Alaska’s largest city declares ‘snow emergency’ after record snowfall – 65 inches in less than 24 hours at Thompson Pass


A winter storm dropped record snowfall amounts in Anchorage, Alaska, with some areas outside of Anchorage proper receiving more than 2 feet of snowfall in just two days.

East of Anchorage, Richardson Highway over Thompson Pass (MP 19-63) was closed due to heavy snowfall and wind from the storm. © Alaska Department of Transportation & Public Facilities
East of Anchorage, Richardson Highway over Thompson Pass (MP 19-63) was closed due to heavy snowfall and wind from the storm.

The largest city in Alaska broke its daily snowfall record on Wednesday when 9 inches of snow fell in 24 hours. For context, the previous record for Nov. 8 was 7.3 inches set in 1982. Another 8.2 inches piled up on Thursday, which also broke the daily record of 7.1 inches set on Nov. 9, 1956. That brought Anchorage’s two-day total to 17.2 inches of snow.

By late Thursday, Anchorage had a 21-inch snow depth, or the total amount of snow on the ground. This was Anchorage’s greatest snow depth for so early in the season, according to Alaska-based climatologist Brian Brettschneider. Already, 26.6 inches of snow has fallen in Anchorage this season, which is 17.5 inches above the average snowfall to date for Nov. 9.

The image above shows the amount of snowfall to the east of Anchorage along Richardson Highway over Thompson Pass on Wednesday. FOX Weather Winter Weather Expert Tom Niziol said 65 inches of snow fell in less than 24 hours at Thompson Pass during this winter storm. This 65-inch report was less than 10 miles from where Alaska’s 24-hour snowfall record of 78 inches was set on Feb. 9, 1963, according to NOAA’s National Centers for Environmental Information.

Snow totals from Matanuska-Susitna Valley, which lies northwest of Anchorage proper, ranged from 9.5 inches near Wasilla to 15.5 inches near Butte, the National Weather Service in Anchorage said on X. The community of Eagle River saw over 18 inches of snow, while more than 25 inches of snow was measured just south of the Anchorage suburb.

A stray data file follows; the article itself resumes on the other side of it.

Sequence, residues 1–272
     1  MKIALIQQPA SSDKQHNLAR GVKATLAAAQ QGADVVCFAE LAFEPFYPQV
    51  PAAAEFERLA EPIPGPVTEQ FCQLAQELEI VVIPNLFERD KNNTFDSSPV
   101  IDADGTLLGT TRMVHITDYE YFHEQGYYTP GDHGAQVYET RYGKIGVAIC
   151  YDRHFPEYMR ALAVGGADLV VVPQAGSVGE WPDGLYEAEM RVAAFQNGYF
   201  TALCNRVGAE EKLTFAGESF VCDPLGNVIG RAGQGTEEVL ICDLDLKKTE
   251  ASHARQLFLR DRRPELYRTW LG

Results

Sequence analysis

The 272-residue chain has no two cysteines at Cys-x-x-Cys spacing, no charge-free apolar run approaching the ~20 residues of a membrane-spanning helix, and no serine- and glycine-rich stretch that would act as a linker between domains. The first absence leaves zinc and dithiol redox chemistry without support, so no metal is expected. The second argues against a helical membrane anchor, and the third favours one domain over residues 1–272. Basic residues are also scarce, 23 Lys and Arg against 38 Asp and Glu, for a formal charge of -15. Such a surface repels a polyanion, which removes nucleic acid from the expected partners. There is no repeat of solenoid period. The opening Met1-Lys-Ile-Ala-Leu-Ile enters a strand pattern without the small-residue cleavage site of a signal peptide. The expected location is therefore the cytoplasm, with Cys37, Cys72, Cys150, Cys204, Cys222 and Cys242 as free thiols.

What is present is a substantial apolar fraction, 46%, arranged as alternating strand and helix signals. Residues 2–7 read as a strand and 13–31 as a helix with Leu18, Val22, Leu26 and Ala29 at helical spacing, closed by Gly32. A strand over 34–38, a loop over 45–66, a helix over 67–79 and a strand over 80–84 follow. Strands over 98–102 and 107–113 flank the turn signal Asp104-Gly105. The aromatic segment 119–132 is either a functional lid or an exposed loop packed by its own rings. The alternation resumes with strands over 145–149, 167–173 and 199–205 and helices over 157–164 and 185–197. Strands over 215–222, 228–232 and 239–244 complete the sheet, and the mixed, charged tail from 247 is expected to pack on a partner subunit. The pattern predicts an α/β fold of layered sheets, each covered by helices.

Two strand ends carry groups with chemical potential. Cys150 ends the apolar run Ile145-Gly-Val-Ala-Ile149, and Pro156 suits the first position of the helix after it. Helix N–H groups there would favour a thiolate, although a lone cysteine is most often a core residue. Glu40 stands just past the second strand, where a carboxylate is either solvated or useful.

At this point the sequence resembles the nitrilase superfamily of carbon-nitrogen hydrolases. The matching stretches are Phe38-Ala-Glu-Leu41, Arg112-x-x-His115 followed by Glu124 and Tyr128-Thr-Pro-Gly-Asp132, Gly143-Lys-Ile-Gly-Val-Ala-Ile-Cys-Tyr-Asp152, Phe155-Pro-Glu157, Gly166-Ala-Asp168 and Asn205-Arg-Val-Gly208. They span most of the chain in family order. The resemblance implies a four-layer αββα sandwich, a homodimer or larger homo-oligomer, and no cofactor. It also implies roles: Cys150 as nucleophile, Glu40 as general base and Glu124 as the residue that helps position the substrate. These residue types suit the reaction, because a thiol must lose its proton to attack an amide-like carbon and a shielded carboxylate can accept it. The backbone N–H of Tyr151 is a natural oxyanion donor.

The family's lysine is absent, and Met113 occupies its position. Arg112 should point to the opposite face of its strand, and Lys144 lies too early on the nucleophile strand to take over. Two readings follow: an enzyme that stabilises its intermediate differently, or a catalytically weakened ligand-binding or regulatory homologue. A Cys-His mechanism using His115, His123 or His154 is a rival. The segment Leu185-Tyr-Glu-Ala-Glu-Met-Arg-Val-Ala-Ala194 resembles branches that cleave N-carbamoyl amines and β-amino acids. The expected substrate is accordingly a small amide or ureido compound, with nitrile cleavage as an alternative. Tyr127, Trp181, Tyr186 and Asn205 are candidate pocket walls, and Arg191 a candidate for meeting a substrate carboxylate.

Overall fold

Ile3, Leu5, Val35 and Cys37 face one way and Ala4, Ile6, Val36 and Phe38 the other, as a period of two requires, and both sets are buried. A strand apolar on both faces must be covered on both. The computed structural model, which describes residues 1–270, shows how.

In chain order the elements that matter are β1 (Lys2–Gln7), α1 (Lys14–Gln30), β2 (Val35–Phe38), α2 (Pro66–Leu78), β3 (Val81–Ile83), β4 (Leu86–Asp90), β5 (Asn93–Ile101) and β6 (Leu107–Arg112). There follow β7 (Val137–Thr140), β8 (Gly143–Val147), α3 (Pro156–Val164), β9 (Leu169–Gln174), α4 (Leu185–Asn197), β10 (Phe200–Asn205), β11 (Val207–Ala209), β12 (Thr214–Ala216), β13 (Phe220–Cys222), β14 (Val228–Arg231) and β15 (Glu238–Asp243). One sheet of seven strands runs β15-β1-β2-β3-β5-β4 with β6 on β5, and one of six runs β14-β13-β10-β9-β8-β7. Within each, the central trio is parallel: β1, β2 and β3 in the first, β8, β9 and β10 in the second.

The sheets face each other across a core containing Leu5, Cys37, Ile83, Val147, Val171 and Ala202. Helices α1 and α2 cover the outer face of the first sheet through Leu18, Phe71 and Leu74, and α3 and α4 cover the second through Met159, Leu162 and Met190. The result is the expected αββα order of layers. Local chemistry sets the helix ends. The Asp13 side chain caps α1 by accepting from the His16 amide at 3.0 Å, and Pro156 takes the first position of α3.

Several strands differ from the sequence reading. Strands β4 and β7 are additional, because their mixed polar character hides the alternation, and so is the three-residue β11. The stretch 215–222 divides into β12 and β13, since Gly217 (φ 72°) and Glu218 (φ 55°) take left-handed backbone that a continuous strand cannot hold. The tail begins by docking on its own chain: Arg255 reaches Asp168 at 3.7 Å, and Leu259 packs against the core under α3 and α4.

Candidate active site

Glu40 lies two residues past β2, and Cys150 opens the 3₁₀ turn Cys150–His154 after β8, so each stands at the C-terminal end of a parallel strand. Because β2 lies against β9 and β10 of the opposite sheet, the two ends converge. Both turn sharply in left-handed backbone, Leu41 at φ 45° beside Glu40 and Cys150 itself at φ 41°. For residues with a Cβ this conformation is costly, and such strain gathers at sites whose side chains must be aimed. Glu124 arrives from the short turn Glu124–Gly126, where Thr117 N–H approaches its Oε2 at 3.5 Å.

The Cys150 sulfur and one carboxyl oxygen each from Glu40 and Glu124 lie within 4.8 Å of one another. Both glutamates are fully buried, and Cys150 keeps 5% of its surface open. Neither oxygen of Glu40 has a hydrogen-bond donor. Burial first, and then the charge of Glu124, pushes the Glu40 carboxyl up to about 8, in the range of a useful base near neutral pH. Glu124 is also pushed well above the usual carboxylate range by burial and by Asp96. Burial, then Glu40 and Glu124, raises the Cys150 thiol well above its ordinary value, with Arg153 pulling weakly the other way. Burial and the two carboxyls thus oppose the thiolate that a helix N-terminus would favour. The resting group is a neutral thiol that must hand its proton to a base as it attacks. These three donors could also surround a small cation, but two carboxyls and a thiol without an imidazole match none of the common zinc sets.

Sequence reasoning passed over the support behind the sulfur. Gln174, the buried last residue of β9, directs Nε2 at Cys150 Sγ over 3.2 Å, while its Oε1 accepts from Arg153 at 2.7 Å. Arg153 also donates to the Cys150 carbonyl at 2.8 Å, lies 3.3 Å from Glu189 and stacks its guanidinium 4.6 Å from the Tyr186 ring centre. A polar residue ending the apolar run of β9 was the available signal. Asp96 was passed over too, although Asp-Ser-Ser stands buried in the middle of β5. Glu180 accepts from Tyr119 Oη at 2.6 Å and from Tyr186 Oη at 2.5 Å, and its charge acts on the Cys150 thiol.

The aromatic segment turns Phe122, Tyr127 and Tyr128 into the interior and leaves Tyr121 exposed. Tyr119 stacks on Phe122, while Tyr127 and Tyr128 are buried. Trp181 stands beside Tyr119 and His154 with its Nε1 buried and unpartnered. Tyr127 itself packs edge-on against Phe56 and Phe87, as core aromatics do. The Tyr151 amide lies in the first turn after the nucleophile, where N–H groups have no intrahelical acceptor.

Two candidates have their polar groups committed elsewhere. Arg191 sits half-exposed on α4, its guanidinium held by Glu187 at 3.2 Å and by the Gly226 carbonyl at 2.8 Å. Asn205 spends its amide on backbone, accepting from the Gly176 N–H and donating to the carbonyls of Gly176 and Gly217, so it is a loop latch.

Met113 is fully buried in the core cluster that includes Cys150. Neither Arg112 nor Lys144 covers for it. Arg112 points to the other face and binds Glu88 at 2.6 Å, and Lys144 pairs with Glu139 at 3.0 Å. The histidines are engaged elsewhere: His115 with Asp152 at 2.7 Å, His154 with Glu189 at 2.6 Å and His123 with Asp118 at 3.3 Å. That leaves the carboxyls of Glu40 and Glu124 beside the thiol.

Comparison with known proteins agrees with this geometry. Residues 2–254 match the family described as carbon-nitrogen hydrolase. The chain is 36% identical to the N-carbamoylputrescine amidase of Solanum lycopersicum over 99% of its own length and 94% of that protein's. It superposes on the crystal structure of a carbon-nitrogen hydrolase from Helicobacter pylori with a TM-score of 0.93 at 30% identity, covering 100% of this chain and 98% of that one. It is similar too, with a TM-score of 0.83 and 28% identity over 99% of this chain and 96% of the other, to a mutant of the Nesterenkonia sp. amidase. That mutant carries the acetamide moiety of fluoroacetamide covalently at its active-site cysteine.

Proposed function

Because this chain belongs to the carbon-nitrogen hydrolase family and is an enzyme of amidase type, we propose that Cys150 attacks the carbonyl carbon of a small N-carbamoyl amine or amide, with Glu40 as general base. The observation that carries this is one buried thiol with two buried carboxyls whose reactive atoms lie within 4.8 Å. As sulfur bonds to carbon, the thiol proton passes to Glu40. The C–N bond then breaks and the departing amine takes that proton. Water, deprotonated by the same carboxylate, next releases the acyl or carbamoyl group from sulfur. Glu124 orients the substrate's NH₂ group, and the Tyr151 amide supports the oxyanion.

Anchorage resident Stephen Richardson recorded video of the snowfall between 4 a.m. and 5 a.m. local time on Thursday. He said he received about 18 inches of snow, which is being plowed by a tractor in Richardson’s footage.

On Thursday, Anchorage Mayor Dave Bronson declared a snow emergency.

“Snow accumulation was greater than what was forecasted, and due to the heavy snow, several fallen trees have been reported,” said the mayor’s office. “Street maintenance operations has responded to 40 downed trees in the last 15 hours.”

Such heavy snowfall across Anchorage led to power outages, along with school and road closures, according to the Anchorage Daily News.

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  1. Seriously, what do you expect when living in the Northern hemisphere when winter comes around??? Living in rural BC Canada, which is south east of Alaska, half way up a mountain, a few feet of snow and MORE is normal and something one expects every year. Being snowed in for months, due to main roads being most important to get cleared. This is something we take into consideration every winter and prepare thereafter. Electric goes out? So?? Wood heating stove and propane up the wazoo… Make paths/trails to be able to tend to the animals. Actually, I quite enjoy it, as it is so quiet and peaceful. More people need to get prepared for this kind of stuff and not just move to whatever location and gripe about the weather. Research first and prep accordingly!

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